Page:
On a lovely, late June morning under cloudless skies, Larry and Karen Johnston both showed growing signs of alarm.
“They’re anticipating thunderstorms for this afternoon,” Karen murmured amid the sounds of staple guns and hammers, and then added, “When it rains, it’s a disaster.”
With that, out came the tarps. As if by magic, a gaggle of neighborhood boys appeared, eager to help save the day.
With the tarp secured, the centerpiece of Mammoth’s Fourth of July—its signature parade float—was safe.
Over the last 11 years, the Johnstons have been through one potential float calamity after another, but it has not stopped them from building them.
To this day, Larry said, it’s almost the only topic of conversation that comes his way.
Case in point:
During the 2014 Election campaign, in which he was running for re-election to the Mono County Board of Supervisors, the main question had nothing to do with sage grouse habitat, the county budget shortfall, the behavior of the sheriff’s department, CARB compliance or solid waste.
“All anybody seemed to care about,” he said, “was what the float was going to be this year.”
While open to discussing campaign issues, Johnston clammed up as to the fate of the float, as is also tradition.
While anybody can plainly see what is afoot with the float as they pass by the Johnstons’ residence, its theme is still treated as a state secret until the moment arrives when the float moves onto the parade route to the sounds of oohs, ahhs and rounds of applause.
Also at that moment is when three weeks of building and months of planning come to an end.
“It’s a lot of work,” Karen said, “but it’s so much fun.”
The Johnstons began the float tradition hard on the heels of yet another successful “Haunted House” extravaganza 11 years ago.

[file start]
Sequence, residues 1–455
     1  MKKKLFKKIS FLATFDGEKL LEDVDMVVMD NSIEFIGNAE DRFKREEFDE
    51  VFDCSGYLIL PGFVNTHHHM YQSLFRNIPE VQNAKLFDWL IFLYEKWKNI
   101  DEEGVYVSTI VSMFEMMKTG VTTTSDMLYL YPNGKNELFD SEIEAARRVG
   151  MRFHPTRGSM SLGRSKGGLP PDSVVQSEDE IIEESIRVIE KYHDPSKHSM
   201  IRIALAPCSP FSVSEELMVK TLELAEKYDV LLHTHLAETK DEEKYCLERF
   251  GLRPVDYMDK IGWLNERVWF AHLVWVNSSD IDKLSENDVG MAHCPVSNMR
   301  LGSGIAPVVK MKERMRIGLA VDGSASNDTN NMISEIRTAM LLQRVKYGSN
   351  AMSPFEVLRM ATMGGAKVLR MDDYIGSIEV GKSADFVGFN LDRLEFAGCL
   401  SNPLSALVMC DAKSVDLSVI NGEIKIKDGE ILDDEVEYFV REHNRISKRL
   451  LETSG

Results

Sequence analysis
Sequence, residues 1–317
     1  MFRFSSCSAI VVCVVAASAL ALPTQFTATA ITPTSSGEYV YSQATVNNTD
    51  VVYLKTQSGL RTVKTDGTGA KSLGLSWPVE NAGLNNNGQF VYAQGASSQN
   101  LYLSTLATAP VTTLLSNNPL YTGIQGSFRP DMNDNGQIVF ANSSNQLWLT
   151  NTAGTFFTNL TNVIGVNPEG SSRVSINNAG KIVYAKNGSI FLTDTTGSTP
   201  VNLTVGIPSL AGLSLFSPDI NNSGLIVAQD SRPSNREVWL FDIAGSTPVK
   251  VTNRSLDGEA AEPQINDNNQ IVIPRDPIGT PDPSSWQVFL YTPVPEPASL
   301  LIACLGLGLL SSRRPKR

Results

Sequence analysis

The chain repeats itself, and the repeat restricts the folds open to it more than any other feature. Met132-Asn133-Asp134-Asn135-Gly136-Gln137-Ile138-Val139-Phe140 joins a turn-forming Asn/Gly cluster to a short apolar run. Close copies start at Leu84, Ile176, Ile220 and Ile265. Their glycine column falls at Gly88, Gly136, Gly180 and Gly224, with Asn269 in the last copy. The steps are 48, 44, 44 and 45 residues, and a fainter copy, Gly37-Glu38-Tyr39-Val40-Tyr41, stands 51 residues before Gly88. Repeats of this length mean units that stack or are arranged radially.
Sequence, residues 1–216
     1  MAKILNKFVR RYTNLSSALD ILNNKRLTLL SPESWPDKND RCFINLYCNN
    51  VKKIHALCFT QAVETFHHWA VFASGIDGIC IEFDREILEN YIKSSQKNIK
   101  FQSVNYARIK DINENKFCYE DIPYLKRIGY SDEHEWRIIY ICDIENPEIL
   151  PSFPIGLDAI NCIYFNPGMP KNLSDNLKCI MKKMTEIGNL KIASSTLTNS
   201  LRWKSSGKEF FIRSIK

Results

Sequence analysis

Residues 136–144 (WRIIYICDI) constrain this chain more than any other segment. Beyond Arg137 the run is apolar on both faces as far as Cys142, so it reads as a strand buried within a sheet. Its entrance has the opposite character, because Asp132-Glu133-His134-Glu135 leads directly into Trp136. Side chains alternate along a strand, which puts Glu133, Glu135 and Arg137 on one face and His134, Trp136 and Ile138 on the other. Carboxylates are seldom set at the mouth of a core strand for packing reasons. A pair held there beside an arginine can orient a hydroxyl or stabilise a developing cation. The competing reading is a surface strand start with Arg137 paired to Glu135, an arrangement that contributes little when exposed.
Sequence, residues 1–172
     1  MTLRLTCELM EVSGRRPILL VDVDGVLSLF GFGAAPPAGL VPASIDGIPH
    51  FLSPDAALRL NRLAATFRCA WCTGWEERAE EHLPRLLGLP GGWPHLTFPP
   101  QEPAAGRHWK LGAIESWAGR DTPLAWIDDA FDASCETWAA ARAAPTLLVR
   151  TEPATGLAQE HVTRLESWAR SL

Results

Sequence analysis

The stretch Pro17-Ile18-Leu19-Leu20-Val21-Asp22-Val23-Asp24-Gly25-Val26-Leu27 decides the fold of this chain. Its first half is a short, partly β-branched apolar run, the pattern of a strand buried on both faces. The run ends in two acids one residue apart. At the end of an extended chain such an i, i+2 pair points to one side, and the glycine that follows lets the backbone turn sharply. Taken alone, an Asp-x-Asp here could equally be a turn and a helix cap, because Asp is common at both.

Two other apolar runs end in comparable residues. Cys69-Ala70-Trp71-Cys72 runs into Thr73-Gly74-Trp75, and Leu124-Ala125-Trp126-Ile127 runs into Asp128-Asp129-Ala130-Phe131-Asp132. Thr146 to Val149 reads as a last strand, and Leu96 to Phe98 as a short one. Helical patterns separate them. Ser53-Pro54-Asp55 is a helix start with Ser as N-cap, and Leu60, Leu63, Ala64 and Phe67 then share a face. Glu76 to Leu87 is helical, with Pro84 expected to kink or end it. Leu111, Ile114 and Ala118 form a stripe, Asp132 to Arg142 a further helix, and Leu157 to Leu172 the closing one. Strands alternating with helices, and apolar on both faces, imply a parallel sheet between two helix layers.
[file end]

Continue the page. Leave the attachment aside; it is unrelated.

The entrance to their haunted house, the favorite stop for a generation of witches, goblins and trick-or-treating ghosts, that year was a representation of the pirate ship, “The Black Pearl.”
Over the holidays, the Johnston family came up with the idea of using the haunted house decorations as a Fourth of July parade float.
Since The Black Pearl appeared, the Johnstons, along with family friends and neighborhood kids, built, in order, Harry Potter, Jaws, Aladdin, The Wizard of Oz, Star Wars, Black Pearl II, The Titanic, the Trojan Horse, and, last year, the Endeavor space shuttle.
With both Larry and Karen active in politics, many observers over the years have tried to attach a political message to their floats, but both Larry and Karen say they have no such intent.
However, they acknowledged that both the Trojan Horse and Titanic themes just so happened to coincide with Mammoth’s long tightrope walk toward the precipice of municipal bankruptcy.
In any event, they say, the theme of the float is decided far in advance, usually around the winter holidays, with family members—many of them from out of town—contributing to the idea bank.
The only things that really present problems are things such as not enough cardboard, a shortage of staples or the weather.
For instance, on Friday night, June 20, a cold front moved through town and with it, a cold, persistent rain.
The Johnstons were undeterred, scrambling to cover the float with tarps as the rain came down.
By early this week, they once more took evasive action by putting up tarps on the strength of nothing more than weather forecasts.
That was enough, however.
As the skies darkened later in the day and with the sound of distant thunder rumbling over the mountains, Larry and Karen Johnston could rest easy, at least for another day and, presumably, another Fourth of July.